There are no "wetlands" in the Upper Tellico OHV Trail System.  There are riparian areas which must be protected to prevent erosion from adding silt to the river.  Southern 4WD Association has been doing this in partnership with the US Forest Service for over 20 years now.

The irony is that the scientific data shows that both water quality and Brook trout populations are improving. 

Of course, the trout population would probably do better if the fisherman weren't killing them.  Wink
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Dave Logan
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« Reply #8 on: July 03, 2007, 09:53:37 am »

Jennifer,
There are dozens of possibilities.  The Forest Service just put in a huge bridge of the river on Trail #5 to help improve water quality.  Another one is planned for Fain's Ford on Trail #4.

Any re-routes or new trails would probably require years of NEPA surveys, etc.
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Todd Ockert
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« Reply #9 on: July 03, 2007, 09:58:10 am »

Greg,

The irony is that the scientific data shows that both water quality and Brook trout populations are improving. 

Of course, the trout population would probably do better if the fisherman weren't killing them.  Wink

So, do we stop the fishermen from catching them? Or make it catch and release?

How do the fishermen get to the river/creek?  4X4? 
Maybe talk to them about a partnership to work on the trail, and this will allow them easier access, and maybe even provide for a few more fish since they are working on the trail, and not working the river with their lines and hooks.

I know that when working with the forest service, the trail maintenance has to be in compliance with their rules.

Todd
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Dave Logan
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« Reply #10 on: July 03, 2007, 11:09:10 am »

While there are anglers that catch and release, a number of the locals just take a can of corn and try to catch as many fish as possible for food.  In addition there have been some infamous cases of poaching in the headwaters.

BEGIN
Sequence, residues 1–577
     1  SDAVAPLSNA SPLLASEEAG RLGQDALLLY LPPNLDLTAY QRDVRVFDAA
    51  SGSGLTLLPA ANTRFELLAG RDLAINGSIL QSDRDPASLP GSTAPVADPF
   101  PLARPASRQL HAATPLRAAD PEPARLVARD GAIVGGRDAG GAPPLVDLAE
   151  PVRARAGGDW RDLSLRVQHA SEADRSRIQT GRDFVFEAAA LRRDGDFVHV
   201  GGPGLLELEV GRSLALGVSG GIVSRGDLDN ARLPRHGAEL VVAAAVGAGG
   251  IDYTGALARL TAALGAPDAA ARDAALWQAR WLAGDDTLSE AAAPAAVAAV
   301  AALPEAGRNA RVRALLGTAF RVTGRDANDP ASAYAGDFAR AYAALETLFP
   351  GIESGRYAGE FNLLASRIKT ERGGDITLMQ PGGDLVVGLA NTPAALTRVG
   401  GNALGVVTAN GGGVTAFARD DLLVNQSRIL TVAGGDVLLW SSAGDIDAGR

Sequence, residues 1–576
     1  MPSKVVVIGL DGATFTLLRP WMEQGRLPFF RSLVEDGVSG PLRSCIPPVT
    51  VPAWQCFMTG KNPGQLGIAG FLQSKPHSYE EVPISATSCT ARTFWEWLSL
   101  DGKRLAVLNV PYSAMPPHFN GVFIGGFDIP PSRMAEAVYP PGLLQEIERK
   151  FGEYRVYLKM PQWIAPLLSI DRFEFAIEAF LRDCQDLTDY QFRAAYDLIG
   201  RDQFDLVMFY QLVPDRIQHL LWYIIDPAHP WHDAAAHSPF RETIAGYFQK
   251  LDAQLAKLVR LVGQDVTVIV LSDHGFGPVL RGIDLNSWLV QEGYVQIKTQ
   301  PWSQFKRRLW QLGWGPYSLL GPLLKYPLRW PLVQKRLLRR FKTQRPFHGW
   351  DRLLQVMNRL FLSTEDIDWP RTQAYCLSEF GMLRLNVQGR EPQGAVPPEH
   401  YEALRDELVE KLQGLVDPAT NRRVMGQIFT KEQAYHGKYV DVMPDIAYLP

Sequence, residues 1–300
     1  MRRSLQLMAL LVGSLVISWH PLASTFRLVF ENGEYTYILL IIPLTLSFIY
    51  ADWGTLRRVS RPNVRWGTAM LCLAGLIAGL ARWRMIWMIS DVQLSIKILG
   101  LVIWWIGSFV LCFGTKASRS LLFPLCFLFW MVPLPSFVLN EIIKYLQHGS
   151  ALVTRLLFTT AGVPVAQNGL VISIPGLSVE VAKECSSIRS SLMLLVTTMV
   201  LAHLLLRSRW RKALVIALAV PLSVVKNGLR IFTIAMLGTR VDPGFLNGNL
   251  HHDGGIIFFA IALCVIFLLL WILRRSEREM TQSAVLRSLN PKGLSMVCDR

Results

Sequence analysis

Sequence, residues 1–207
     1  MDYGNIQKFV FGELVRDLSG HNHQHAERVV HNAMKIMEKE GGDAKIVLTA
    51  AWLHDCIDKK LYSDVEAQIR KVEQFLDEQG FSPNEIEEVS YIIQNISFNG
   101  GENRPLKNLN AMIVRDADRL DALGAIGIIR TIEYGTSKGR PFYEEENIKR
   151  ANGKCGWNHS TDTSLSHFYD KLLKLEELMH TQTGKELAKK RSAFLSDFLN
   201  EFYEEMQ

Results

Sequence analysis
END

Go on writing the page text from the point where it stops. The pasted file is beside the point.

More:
The anglers typically drive the paved road from Tellico Plains, TN and park.  They can fish directly from the river's banks.

"Anglers enjoy 38 miles of stocked rainbow and brown trout waters with 19 miles managed for brook trout."

A large portion of the local people fishing also own OHVs.  It's the elitist envioronmental group members that worry about the lawsuits.  Wink

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Dave Logan
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« Reply #11 on: July 06, 2007, 10:57:51 am »

All,
We at SFWDA are working diligently to help resolve this law suit.  Right now the best avenue for our membership and interested parties to do is to write a letter to the Forest Service (be very polite) telling them that you are aware of the pending lawsuit and that you want the Forest Service to be sure to stand up and support access to the Upper Tellico ORV trails because of the area supplies a user experience desired for family recreation.  Keep the letter short and to the point.  Send the letter to the District office in Murphy, NC.


Tusquitee Ranger District
123 Woodland Drive
Murphy, NC 28906
828-837-5152

David Borum
Dir. Legislative Affairs
SFWDA
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Todd Ockert
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« Reply #12 on: July 06, 2007, 11:45:54 am »

Dave

Thanks for the address.  If we can get every member here to write a letter for support, we will be doing good.

I will pull up one later this weekend at home, and get it in the mail to them also.

More support we can show for you guys, and the trails there, the better.

Thanks

Todd
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Rick Casey
Carolina Full Size Jeep Club
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« Reply #13 on: July 08, 2007, 09:05:37 am »

This hits waaay too close to home for me!

I will rally our club to support any effort to help solve this problem. The SFWDA can count on us, we may not be that big of a club, but we care.

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Rick Casey

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Dave Logan
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« Reply #14 on: July 08, 2007, 07:54:49 pm »

Thanks, Rick.  We appreciate all the help we can get.  Please ask your members to write a letter to the District Ranger at the address listed above in Murphy. 
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UFWDA Community Forum  |  Regional Focus - News and Local Events  |  Southeast  |  Topic: Southern Environmental Law Center notifies intent to sue over Tellico trails « previous next »